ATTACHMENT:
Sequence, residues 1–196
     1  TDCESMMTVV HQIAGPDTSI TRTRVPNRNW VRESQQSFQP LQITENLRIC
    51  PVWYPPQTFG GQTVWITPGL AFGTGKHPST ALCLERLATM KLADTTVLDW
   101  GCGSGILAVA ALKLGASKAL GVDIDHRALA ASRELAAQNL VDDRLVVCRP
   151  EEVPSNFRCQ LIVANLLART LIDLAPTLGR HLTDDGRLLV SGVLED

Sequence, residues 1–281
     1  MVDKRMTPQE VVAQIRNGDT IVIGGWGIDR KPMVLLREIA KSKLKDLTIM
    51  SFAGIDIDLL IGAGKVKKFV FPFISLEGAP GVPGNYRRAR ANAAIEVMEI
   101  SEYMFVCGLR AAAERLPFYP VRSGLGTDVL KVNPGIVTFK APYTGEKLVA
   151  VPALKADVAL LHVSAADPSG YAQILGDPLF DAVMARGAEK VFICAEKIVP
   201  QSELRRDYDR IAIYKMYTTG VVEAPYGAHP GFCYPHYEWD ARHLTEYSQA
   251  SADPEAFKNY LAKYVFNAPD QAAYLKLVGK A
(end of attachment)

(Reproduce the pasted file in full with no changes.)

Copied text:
Sequence, residues 1–196
     1  TDCESMMTVV HQIAGPDTSI TRTRVPNRNW VRESQQSFQP LQITENLRIC
    51  PVWYPPQTFG GQTVWITPGL AFGTGKHPST ALCLERLATM KLADTTVLDW
   101  GCGSGILAVA ALKLGASKAL GVDIDHRALA ASRELAAQNL VDDRLVVCRP
   151  EEVPSNFRCQ LIVANLLART LIDLAPTLGR HLTDDGRLLV SGVLED

Sequence, residues 1–281
     1  MVDKRMTPQE VVAQIRNGDT IVIGGWGIDR KPMVLLREIA KSKLKDLTIM
    51  SFAGIDIDLL IGAGKVKKFV FPFISLEGAP GVPGNYRRAR ANAAIEVMEI
   101  SEYMFVCGLR AAAERLPFYP VRSGLGTDVL KVNPGIVTFK APYTGEKLVA
   151  VPALKADVAL LHVSAADPSG YAQILGDPLF DAVMARGAEK VFICAEKIVP
   201  QSELRRDYDR IAIYKMYTTG VVEAPYGAHP GFCYPHYEWD ARHLTEYSQA
   251  SADPEAFKNY LAKYVFNAPD QAAYLKLVGK A